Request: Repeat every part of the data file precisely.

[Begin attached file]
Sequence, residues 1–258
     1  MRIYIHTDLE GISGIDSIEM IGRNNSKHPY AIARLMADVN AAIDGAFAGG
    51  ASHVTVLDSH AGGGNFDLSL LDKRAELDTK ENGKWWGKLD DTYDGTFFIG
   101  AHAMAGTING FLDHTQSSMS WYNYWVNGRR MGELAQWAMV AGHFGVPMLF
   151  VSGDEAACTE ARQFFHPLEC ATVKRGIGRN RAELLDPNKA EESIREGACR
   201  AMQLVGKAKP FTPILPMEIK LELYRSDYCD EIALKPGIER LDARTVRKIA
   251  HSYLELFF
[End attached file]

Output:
Sequence, residues 1–258
     1  MRIYIHTDLE GISGIDSIEM IGRNNSKHPY AIARLMADVN AAIDGAFAGG
    51  ASHVTVLDSH AGGGNFDLSL LDKRAELDTK ENGKWWGKLD DTYDGTFFIG
   101  AHAMAGTING FLDHTQSSMS WYNYWVNGRR MGELAQWAMV AGHFGVPMLF
   151  VSGDEAACTE ARQFFHPLEC ATVKRGIGRN RAELLDPNKA EESIREGACR
   201  AMQLVGKAKP FTPILPMEIK LELYRSDYCD EIALKPGIER LDARTVRKIA
   251  HSYLELFF